I am indeed grateful to Warren for retrieving this salute to my father. The two-page document that has come to be known as the Kalven Report is titled “Report on the University’s Role in Political and Social Action.” Written at a time when students were demanding that universities take a stand on the Vietnam War and other issues, it addresses the question of when, if ever, it is appropriate for the institution to take public positions. While allowing for the possibility of exceptions, the report eloquently articulates the principle that the university cannot take collective action on the issues of the day without endangering the conditions of freedom of inquiry and discussion that are its reason for existing.
For present purposes, what is striking is the sharp dichotomy between those core values and the way the institution conducts—and explains—itself when it acts as a corporate entity. Like other urban universities, it gets into disputes with the neighbors. Recent controversies have included stealth real-estate dealings by the university in a neighborhood west of campus, charges that its medical center systematically deflects the poor, and debate over its plan to destroy a large community garden in order to make temporary use of the site as a staging area for a construction project. (I have participated in the latter as both reporter and advocate.)
Such issues fall within the domain of Lipinski in her role as vice president for civic engagement. The university describes her mission as “overseeing an effort to create a new model for an urban research institution acting in partnership with its city.” In practice, Lipinski stands at the center of a formidable apparatus for managing public perceptions of the university in the service of its institutional agenda. Her office promotes university programs and, when controversies arise, is deployed to do damage control.
The issue here is not Lipinski. She is doing her job as defined by her employer. It is, rather, whether the news cooperative will be encumbered when a story about the university requires penetrating the official narrative promoted by the Office of Civic Engagement? Or to put the question another way, would the Chicago News Cooperation place on its board the chief of public relations for a major corporation or government agency it covers? How is this different?
Similarly, how will the cooperative cover its funders and philanthropy in general? The MacArthur Foundation is a major force in Chicago and beyond, yet it receives remarkably little sustained scrutiny from the press. Will it receive even less now that journalists are clamoring for its support? (More disclosure: MacArthur is also among the funders of this magazine.)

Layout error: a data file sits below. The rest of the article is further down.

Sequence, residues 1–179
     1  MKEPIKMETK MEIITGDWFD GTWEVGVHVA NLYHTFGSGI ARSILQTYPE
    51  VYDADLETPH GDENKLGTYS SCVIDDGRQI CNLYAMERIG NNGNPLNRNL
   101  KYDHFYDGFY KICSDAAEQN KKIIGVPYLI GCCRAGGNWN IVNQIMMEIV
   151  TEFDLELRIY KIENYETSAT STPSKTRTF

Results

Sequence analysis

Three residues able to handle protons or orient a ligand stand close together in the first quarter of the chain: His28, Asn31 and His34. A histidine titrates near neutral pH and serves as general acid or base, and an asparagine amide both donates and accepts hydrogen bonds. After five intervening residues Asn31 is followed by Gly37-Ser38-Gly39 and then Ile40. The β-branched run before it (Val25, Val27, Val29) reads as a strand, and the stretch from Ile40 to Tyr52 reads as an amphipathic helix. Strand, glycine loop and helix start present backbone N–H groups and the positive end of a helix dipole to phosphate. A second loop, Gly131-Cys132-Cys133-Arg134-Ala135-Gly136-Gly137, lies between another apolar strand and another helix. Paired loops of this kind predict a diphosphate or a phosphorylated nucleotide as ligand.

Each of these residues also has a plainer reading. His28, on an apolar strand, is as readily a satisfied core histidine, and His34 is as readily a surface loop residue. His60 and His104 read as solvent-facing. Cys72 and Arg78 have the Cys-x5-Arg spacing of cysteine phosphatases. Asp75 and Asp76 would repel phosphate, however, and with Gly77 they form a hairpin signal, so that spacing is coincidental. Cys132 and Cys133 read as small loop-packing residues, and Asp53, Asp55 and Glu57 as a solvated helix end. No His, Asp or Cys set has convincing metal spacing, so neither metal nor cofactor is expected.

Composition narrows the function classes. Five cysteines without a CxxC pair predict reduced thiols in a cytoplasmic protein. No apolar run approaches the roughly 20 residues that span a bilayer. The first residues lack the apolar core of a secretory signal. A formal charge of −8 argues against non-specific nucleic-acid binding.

Beyond the question of how journalists will cover the foundations that fund them is a question of how they will report on public policy areas that those foundations have invested in. A case in point is the Chicago Housing Authority’s “Plan for Transformation”—the demolition of high-rise public housing and its replacement (now largely stalled) with so-called new communities. Over the last decade, the MacArthur Foundation has strongly identified itself with these policy objectives. It describes its relationship with the city in this context as a “partnership.” The embodiment of that partnership is Julia Stasch. As Mayor Daley’s chief of staff, she was the architect of the city’s plan for public housing. Then, in 2001, she joined the MacArthur Foundation as vice president for human and community development, where she has had a central role in making some $65 million in grants related to public-housing “transformation.”
In view of the news cooperative’s dependence on MacArthur funding, will it investigate the realities on the ground for public-housing residents? If the facts so dictate, will it challenge the official narrative the city and foundation have worked so hard to construct? Is it prepared to risk damaging a key funding relationship in pursuit of an important story involving some of the city’s poorest, most vulnerable residents?
Over the last ten years, the MacArthur Foundation has, in effect, policed the parameters of permissible discourse about public housing in Chicago. As the major funder in this area, it has provided support to virtually everyone working in the field (including, briefly, me). At a glance, one might imagine this reflects a commitment to robust debate. In fact, it more resembles a political machine that absorbs and thereby neutralizes potential challengers. For the most part, this dynamic appears to be less the result of deliberate strategy than a byproduct of grantsmanship.